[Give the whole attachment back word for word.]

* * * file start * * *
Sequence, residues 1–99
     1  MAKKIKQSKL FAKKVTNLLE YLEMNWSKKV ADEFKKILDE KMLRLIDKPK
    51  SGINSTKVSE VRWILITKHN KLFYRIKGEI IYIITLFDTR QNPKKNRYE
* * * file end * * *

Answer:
Sequence, residues 1–99
     1  MAKKIKQSKL FAKKVTNLLE YLEMNWSKKV ADEFKKILDE KMLRLIDKPK
    51  SGINSTKVSE VRWILITKHN KLFYRIKGEI IYIITLFDTR QNPKKNRYE